In crowded Packers safety room, Innis Gaines has path to contribute in 2023

Nov 27, 2022; Philadelphia, Pennsylvania, USA; Green Bay Packers safety Innis Gaines (38) in the tunnel against the Philadelphia Eagles at Lincoln Financial Field. Mandatory Credit: Eric Hartline-USA TODAY Sports
Nov 27, 2022; Philadelphia, Pennsylvania, USA; Green Bay Packers safety Innis Gaines (38) in the tunnel against the Philadelphia Eagles at Lincoln Financial Field. Mandatory Credit: Eric Hartline-USA TODAY Sports /

Where Green Bay Packers safety Innis Gaines potentially fits on the final roster, or what his path to the 53-man looks like is unclear at this time. However, he is a proven contributor on special teams and could carve out a specific role on defense.

As a special teamer last season, playing on both return and coverage units, Gaines didn’t see steady playing time until Week 12. But despite ranking 19th in special teams snaps on the team, he was able to showcase some playmaking abilities, ranking sixth in solo tackles with four, according to PFF.

Then during the last three games of the regular season, Gaines saw some 32 snaps in the slot and another nine in the box. He allowed four completions on five targets but limited pass catchers to just 7.0 yards per catch.

Throughout offseason programs, Gaines continued to see snaps in the slot, and during the first training camp practice, he was regularly playing from there with the second-team defense. On Wednesday’s practice, Gaines made a nice break on a pass from Alex McGough and recorded a pass breakup.

While the Packers have a talented cornerback room, Keisean Nixon is their only true slot-cornerback type. Rasul Douglas, Eric Stokes, Corey Ballentine, and Carrington Valentine all have primarily lined up on the boundary, while Jaire Alexander is best utilized lining up wherever the opponent’s top receiver is–not being solely a nickel cornerback. Shemar Jean-Charles is another inside option, but he appears to be behind Gaines when it comes to the nickel depth chart and is, at best, the seventh cornerback option, not including Gaines.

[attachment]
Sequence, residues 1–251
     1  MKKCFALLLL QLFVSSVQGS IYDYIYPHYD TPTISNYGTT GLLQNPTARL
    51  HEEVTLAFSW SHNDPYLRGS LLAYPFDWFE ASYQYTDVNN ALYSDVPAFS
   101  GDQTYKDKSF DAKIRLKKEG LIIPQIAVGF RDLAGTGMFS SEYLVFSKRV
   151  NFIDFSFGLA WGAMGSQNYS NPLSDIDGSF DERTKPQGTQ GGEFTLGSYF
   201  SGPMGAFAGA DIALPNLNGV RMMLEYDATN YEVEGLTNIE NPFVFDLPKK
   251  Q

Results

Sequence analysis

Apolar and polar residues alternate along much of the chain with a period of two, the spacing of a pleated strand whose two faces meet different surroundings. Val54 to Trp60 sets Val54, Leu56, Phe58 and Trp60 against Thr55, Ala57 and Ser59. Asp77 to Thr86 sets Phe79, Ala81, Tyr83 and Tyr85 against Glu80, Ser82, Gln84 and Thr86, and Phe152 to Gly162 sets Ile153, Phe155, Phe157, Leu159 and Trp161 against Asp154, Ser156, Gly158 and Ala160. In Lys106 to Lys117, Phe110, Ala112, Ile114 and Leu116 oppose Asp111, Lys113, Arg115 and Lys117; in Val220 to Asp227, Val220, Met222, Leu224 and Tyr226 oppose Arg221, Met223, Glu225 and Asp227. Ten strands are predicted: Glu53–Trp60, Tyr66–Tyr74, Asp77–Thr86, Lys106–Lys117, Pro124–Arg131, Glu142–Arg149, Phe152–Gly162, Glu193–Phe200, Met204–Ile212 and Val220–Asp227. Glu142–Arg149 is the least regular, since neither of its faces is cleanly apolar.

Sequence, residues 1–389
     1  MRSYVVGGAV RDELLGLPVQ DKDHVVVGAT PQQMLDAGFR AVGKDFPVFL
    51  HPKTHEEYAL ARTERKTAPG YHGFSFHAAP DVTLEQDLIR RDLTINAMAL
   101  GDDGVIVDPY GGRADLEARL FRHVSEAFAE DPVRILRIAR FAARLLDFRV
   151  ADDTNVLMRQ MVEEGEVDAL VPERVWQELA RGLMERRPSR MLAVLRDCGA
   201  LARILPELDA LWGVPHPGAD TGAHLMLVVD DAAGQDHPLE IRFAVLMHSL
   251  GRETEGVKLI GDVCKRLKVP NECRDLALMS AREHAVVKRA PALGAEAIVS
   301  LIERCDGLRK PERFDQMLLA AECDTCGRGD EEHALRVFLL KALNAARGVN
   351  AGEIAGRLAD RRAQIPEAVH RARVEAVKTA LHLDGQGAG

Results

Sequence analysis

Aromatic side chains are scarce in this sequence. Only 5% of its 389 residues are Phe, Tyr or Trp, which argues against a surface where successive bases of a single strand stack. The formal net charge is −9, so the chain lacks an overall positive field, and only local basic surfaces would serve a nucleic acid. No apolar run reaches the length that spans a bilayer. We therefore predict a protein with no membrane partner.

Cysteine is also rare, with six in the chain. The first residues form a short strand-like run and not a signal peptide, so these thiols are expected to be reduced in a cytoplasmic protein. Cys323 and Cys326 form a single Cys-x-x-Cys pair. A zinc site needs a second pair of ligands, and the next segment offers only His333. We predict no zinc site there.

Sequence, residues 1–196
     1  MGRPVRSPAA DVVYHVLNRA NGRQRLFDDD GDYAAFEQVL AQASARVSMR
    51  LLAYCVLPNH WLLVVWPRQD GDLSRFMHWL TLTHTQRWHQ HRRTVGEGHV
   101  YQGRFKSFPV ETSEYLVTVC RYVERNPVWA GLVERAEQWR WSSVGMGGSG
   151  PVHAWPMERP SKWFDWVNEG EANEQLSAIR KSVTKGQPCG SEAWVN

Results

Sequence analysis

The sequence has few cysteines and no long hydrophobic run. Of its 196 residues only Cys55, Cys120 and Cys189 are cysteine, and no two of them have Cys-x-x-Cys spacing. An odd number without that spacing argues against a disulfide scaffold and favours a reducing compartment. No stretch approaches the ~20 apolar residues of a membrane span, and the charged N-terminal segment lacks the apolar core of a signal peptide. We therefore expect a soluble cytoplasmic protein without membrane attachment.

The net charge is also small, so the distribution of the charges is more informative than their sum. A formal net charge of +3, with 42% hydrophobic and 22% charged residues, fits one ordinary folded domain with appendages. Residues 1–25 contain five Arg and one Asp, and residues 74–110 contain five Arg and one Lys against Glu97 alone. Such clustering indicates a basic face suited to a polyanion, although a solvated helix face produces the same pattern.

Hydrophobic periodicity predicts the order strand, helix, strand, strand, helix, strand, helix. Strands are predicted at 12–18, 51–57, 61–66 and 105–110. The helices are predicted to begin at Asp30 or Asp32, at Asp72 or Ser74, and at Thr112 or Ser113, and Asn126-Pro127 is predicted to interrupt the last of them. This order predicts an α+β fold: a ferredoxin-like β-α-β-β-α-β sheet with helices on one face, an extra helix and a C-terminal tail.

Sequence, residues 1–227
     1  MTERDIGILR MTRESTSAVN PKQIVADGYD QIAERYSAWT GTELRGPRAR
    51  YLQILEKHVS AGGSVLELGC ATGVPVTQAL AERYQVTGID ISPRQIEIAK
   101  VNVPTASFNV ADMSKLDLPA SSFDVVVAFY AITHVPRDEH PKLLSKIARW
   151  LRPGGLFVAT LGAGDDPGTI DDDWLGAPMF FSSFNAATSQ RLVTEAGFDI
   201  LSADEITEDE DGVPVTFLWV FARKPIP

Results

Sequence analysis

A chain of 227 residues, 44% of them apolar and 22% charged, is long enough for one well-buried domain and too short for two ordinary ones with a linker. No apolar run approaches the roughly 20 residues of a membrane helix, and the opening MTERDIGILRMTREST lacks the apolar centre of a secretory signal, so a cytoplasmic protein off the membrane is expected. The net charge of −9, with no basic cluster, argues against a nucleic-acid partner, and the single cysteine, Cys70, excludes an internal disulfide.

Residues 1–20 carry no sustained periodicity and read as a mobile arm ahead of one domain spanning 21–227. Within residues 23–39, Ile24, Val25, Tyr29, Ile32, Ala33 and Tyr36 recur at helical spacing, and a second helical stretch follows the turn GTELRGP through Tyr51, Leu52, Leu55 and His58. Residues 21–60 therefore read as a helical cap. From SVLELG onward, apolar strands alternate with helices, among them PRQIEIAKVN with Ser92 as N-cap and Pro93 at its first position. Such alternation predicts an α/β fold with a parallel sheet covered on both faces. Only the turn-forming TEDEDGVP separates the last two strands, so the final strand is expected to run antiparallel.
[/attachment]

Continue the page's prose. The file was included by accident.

The safety room, however, is crowded. We know that Darnell Savage will be on the final roster, and I would put Rudy Ford in that group as well, given that he has started next to Savage this entire offseason. It’s also hard to envision Green Bay moving on from Dallin Leavitt, a core special teams player who has spent his entire career playing under Rich Bisaccia. Aaron Rodgers would also praise him last season for his locker room presence.

That likely leaves two roster spots up for grabs. Jonathan Owens has consistently been at safety with the second team defense, while Tarvarius Moore, before missing minicamp and being placed on the non-football injury list, was lining up with the second defense as well during OTAs and even saw some snaps with the ones.

Then there is rookie Anthony Johnson, who the Packers took in the seventh round. From a playing time standpoint, Johnson seems to be near the bottom of the safety depth chart, behind Savage, Ford, Owens, Moore, and Leavitt, often playing with the third-team defense. But, for what it’s worth, the team does have a history under Brian Gutekunst and Matt LaFleur of rostering their own draft picks, even if their playing time as rookies is minimal or even nonexistent.

An added wrinkle to all of this is that all of the safeties just mentioned are traditional, deep safeties in this Joe Barry defense. Gaines, however, plays from the slot. If the team was going to move him to cornerback officially on the roster, I’m guessing that’s a move that would have been made already.

But even there, Gaines runs into the issue of being a part of a crowded room. Alexander, Douglas, Stokes, and Nixon are locks, while Valentine and Ballentine have been the go-to second-team options at the position on the outside, not to mention that Valentine is another draft pick, and Ballentine ended up being a key special teams player in 2022.

Based on what I’ve seen up to this point, if Gaines is going to make this roster, the clearest path comes with the Packers keeping five safeties and him beating out Moore and Johnson. Moore has now missed both minicamp practices and the first training camp practice after being placed on the NFI list. Too many missed practices could result in him falling behind in the competition.

Johnson, meanwhile, needs a year to develop–this is only his second season playing the safety position to go along with also trying to transition to the NFL level. With Gaines’ ability on special teams as providing needed and added depth in the slot, perhaps the Packers opt for his contributions this season and try to sneak Johnson on the practice squad.

This, of course, is all just speculation at this point. There are a lot of practices and preseason games left to determine all of this. But the point is that in a crowded safety room, don’t forget about Gaines. He is someone who can make potentially make an impact in several different ways on this 2023 Packers team.